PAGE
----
Ladybird books are a bit of a British institution, and have been instrumental in teaching generation of kids how to read for many many years, and I am glad to report are still going strong today. The first Ladybird branded book were published way back in 1940 and was called Bunnikin’s Picnic Party, so I’m definitely too young to remember that one, but chances are it may have been one of the books my parents read as a child!
Probably the best remembered Ladybird books are the Peter and Jane or Topsy and Tim learn to read series. These were divided up into groups for teaching reading skills to different age groups, from those just starting until around 9 or 10 years of age. The stories they told followed the lives of Peter and Jane as they played, shopped with their mother and did many other normal day to day things. Each book finished by having a couple of pages listing all the “New Words Learnt This Book“, which was quite exciting when you were five years old!
There were also a plethora of stories both old and new, some written simply enough for a child to read themselves, whilst others might be a little more difficult and intended to read along with an adult. If you can think of an old classic fairytale, chances are there was a Ladybird book version of it. Some of the ones I remember include The Billy Goats Gruff, The Enormous Turnip, Cinderella and The Three Little Pigs. Indeed, some of these old books are now worth 20-30 UK pounds, which isn’t bad for a pocket money priced book.
The books were also always beautifully presented, being around the size of your average paperback novel except with far fewer pages and having a hard cover. Most of the books would be presented as a page of text with a full page illustration next to it. The words were printed in bold clear type of various sizes, depending on the reading level the book was aimed at, whilst the pictures were nearly always beautiful painted images, realistic and packed with detail. Take a look at the accompanying image, and you’ll see that every loaf of bread in the shop window looks good enough to eat, whilst the children cast shadows up the shop wall. They were almost photographic.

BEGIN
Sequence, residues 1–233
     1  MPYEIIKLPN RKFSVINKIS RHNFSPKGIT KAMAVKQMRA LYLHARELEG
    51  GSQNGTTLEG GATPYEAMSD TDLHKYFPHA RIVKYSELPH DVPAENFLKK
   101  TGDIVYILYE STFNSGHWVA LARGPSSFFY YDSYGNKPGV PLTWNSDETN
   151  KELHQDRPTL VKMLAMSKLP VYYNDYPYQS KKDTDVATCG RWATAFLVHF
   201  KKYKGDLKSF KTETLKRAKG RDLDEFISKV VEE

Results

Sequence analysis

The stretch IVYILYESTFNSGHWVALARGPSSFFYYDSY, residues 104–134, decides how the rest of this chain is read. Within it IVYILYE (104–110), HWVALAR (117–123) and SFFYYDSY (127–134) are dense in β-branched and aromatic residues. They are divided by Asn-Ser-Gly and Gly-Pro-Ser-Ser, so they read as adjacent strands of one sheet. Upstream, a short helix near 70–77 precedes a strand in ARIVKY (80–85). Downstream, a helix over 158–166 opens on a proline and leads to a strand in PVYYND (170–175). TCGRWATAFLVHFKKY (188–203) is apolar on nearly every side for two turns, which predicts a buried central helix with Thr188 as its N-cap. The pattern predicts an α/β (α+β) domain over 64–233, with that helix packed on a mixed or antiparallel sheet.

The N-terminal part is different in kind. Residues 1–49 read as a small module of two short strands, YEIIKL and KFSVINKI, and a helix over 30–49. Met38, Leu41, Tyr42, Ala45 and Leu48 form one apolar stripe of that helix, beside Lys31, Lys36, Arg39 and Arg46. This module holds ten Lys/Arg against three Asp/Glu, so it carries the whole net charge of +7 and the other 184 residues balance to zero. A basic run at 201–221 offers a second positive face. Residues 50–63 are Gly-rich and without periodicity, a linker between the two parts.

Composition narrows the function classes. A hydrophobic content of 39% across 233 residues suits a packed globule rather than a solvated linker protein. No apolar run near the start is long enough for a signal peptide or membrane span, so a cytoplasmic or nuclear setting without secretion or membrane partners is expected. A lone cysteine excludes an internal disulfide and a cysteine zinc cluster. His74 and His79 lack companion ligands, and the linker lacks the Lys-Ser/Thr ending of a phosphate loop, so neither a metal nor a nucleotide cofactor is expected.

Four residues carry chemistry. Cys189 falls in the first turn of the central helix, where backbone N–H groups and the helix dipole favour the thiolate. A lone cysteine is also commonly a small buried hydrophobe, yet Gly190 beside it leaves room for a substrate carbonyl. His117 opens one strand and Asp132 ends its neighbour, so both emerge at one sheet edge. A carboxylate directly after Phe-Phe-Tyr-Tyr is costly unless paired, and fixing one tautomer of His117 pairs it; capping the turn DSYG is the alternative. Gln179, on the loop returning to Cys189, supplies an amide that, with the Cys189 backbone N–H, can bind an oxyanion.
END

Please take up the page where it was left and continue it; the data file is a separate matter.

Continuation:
It wasn’t all stories though, as Ladybird also had a large number of factual and activity books too. One of my favourites were Things To Make And Do, which covered various craft activities such as making a wind up rubber band vehicle using a cotton real, a piece of candle and a matchstick, or a snake out of more cotton reals threaded on a string. Thinking about it this book probably wouldn’t be a lot of use these days, as I’m sure most households no longer have empty cotton reals lying about any more. I also adored the Tricks and Magic book, which as you might expect was packed with magical illusions such as card tricks and sticking several pins through your thumb without getting hurt (you made a false thumb out of a piece of fruit or veg, before you get too worried!).
It’s great to see that Ladybird books haven’t disappeared, and you can find out more about the current line up at the Ladybird website. Alternatively, if you would rather reminisce some more about the books you had as a child, then take a look at the Vintage Ladybird website instead. For further information still, there is also a book called Boys and Girls published recently which celebrates these wonderful books in more detail.